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I just read it : "More electric flux exists in a medium with a high permittivity" I don't get this.

Field $\vec E$ is inversely proportional to permittivity $\epsilon$. So if $\epsilon$ is high then field should be small and hence the flux should also be small. Isn't it ?

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  • $\begingroup$ This is not correct. "More electric flux exists in a medium with a high permittivity" is correct when the electric field is held constant like in a capacitor connected to a voltage source. The electric flux is the surface integral of the dielectric displacement $\vec D=\epsilon_0 \epsilon_r\vec E$ which is the electric flux density. $\endgroup$
    – freecharly
    Commented Oct 14, 2016 at 3:49

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It's actually the other way. Flux density is inversely proportional to permittivity. As permittivity is by definition is the resistance offered by the medium to electric field, higher permittivity would only lower the flux.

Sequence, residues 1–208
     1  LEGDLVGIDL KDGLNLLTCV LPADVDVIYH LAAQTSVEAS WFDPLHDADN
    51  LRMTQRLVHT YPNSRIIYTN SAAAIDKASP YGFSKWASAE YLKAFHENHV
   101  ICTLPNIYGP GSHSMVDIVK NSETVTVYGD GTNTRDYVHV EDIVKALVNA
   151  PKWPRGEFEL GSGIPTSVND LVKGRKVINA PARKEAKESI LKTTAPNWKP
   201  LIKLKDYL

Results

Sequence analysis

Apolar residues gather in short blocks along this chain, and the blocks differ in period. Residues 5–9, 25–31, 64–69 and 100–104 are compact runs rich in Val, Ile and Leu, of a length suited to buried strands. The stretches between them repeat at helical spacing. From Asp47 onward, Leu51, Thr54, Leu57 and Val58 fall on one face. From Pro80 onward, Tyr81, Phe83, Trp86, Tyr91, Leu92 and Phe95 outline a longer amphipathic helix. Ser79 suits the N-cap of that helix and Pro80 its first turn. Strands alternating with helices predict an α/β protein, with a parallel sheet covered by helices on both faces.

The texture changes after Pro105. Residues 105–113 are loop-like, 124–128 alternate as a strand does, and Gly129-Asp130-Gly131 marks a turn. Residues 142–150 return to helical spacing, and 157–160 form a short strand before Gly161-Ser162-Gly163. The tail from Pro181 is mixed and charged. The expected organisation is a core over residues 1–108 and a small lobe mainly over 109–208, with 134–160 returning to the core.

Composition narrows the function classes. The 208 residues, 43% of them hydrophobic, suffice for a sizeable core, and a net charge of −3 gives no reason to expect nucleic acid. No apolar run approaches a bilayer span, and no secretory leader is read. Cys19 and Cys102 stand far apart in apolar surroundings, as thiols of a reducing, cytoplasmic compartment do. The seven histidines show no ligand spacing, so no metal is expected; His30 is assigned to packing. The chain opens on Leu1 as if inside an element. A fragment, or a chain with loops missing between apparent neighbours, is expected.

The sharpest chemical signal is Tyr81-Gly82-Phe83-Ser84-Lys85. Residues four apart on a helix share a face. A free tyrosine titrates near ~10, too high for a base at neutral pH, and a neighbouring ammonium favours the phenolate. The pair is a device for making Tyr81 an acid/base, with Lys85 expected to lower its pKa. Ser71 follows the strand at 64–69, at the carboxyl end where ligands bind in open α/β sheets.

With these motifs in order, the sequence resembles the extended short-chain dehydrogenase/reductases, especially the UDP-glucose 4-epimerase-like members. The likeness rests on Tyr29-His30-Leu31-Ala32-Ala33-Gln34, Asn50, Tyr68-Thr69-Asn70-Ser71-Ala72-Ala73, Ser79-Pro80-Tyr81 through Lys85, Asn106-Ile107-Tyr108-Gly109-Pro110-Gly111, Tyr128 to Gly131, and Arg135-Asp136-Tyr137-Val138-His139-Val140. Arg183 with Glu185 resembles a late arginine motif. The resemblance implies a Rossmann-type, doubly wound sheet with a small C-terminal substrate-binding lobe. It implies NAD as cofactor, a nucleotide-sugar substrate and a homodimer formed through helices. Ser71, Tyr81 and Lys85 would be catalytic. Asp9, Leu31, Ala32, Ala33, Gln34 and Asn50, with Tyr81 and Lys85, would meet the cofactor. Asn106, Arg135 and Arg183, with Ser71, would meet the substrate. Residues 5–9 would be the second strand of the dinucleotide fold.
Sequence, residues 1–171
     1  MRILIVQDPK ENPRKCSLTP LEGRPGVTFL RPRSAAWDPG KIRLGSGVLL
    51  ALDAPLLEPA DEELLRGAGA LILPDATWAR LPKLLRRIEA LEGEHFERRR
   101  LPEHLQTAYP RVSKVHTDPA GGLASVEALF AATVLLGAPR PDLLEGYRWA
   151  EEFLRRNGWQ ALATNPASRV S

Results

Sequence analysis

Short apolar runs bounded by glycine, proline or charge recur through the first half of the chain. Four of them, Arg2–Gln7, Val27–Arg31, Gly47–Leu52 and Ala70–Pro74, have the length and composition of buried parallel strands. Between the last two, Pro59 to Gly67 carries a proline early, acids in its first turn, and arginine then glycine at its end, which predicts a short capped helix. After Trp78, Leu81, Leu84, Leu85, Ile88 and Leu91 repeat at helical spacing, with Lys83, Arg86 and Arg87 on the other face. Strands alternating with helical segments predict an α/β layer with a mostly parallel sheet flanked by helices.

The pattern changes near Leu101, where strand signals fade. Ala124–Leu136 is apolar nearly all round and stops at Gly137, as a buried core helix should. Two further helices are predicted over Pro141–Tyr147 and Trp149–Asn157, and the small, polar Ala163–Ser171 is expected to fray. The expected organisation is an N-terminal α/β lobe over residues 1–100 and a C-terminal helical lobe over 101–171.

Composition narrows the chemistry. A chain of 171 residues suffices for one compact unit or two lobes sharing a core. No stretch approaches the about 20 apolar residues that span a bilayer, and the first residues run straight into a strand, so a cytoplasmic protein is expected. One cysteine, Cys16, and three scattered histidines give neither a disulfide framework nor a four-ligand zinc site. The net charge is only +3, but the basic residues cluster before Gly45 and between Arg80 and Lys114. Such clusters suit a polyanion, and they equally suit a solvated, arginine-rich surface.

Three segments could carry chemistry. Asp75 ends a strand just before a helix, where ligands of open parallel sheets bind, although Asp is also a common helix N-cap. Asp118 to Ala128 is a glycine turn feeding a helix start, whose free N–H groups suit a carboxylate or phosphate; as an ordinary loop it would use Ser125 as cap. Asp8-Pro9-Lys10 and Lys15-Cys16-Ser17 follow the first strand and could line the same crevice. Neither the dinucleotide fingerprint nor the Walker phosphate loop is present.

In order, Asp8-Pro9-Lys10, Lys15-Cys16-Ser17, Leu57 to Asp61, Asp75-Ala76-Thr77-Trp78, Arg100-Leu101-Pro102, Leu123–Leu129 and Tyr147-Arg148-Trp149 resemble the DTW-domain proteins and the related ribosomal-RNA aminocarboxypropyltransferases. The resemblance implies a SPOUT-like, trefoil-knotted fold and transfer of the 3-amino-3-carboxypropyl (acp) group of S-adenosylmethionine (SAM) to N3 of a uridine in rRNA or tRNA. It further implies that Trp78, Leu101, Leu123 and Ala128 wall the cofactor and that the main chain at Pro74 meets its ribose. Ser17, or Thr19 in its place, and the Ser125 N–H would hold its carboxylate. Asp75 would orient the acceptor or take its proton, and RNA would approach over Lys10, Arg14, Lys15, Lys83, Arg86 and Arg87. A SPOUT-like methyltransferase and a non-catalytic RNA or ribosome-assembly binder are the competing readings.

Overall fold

Note: In this answer, "flux" is the flux of the electric field vector $\vec E$. The OP citation More electric flux exists in a medium with a high permittivity obviously relates to the flux of the electric displacement $\vec D$, which is often also called "electric flux" and used in Gauss' law.

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  • $\begingroup$ Comments are not for extended discussion; this conversation has been moved to chat. $\endgroup$
    – ACuriousMind
    Commented Oct 19, 2016 at 20:47
  • $\begingroup$ So why it is named permittivity and not resistance? $\endgroup$ Commented Mar 9, 2021 at 16:25

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